While shooting offhand at some coke bottles 20 yards away, I quickly got the swing of things. Firing 10 and 20 round bursts, the BB’s were pinging off the bottles and ricocheting in all directions. My favorite test unit was the HK51 look-alike. I also fired the M16, HK MP5, Aug, and HK PDW models. Reliability was 100 percent with all of the guns tested. No “misfires” were encountered. I fired these guns along side an integrally suppressed Ruger MkII pistol to compare the sound signatures. From a subjective standpoint, the airgun was probably half as quiet as the suppressed .22LR pistol. We were shooting Winchester high-velocity .22LR ammo through the pistol, and our chronograph recorded readings of 980fps. The air guns typically averaged around 300-330fps.
The low noise of the airgun allows one to shoot in places which are not possible with a real gun. Many a backyard, basement, or even a living room could be set up as a “firing range” with these air guns. Main benefits include no smoke, no brass to pick up, and virtually no noise. Eye protection is highly recommended, due to the high volume of ammo that usually exits the barrel and the ricocheting that normally occurs. Firing point blank range into an aluminum can, we were able to easily penetrate the exterior shell. From 10 feet away, the BB’s punched through two sheets of cardboard and kept on going. I would not want to get shot with one of these guns unless I was wearing adequate protection.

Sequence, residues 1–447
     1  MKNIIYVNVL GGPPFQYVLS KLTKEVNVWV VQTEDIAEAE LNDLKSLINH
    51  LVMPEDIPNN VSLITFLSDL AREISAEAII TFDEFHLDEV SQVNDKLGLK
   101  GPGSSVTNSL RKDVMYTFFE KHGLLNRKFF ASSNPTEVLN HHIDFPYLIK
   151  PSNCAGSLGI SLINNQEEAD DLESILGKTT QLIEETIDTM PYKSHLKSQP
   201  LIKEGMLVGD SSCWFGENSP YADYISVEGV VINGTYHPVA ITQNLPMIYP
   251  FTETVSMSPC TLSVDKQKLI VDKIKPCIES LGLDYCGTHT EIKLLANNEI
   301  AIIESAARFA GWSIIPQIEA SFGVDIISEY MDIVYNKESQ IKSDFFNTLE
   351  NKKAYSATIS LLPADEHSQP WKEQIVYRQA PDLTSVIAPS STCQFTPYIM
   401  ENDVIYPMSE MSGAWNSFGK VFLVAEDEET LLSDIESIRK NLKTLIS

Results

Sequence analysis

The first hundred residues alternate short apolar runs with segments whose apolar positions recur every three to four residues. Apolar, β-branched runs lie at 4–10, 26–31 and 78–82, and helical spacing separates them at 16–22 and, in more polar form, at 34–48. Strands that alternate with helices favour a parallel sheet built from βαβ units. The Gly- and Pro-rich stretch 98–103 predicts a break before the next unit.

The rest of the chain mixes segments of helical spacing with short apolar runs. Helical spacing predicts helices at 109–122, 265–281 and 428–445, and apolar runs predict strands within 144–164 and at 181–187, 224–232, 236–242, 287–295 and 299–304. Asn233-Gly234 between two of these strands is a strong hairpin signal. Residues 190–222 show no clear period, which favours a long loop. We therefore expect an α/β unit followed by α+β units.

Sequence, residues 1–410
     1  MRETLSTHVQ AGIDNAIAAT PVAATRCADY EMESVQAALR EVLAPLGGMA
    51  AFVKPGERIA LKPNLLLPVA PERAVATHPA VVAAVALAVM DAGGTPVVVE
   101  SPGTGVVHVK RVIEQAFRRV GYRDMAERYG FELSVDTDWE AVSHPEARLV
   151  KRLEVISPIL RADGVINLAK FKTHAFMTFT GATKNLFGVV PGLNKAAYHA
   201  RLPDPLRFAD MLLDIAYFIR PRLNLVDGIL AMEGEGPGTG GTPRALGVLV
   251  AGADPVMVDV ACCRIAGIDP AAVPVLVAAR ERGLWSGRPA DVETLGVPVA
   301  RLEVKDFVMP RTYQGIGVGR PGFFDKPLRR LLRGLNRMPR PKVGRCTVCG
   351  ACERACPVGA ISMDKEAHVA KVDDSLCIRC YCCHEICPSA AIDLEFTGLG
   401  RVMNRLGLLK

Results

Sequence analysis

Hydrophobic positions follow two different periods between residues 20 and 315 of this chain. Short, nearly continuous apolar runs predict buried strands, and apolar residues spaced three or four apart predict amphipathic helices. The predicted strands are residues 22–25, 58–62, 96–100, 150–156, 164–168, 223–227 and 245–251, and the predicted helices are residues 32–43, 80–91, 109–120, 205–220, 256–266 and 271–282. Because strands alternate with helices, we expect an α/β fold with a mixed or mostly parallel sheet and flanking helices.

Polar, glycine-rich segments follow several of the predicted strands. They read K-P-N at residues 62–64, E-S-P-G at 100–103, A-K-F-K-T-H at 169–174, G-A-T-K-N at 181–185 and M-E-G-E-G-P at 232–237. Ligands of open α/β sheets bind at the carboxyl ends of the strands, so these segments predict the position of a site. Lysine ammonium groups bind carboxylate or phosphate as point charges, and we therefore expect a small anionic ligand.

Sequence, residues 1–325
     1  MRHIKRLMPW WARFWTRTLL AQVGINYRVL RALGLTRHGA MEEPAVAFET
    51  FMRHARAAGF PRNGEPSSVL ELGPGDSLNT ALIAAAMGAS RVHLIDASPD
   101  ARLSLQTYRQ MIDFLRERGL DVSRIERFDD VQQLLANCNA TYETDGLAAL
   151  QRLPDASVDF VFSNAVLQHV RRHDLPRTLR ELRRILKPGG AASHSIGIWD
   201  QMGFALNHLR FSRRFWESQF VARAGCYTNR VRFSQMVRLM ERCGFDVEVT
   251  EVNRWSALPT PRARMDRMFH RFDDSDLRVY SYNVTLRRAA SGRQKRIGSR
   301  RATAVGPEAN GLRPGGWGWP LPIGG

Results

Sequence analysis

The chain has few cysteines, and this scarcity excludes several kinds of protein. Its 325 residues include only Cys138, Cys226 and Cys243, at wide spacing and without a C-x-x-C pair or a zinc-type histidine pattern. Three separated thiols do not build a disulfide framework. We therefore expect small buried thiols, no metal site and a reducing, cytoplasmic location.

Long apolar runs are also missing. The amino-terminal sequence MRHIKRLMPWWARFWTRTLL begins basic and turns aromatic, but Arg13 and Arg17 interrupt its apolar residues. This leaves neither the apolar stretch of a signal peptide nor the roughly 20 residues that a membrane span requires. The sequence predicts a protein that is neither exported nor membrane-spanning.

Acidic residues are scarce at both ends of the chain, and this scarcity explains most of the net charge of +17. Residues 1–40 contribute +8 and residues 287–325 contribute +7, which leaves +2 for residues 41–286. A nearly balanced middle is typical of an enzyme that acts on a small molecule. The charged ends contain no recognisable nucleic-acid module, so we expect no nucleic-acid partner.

Dreaming and Reality…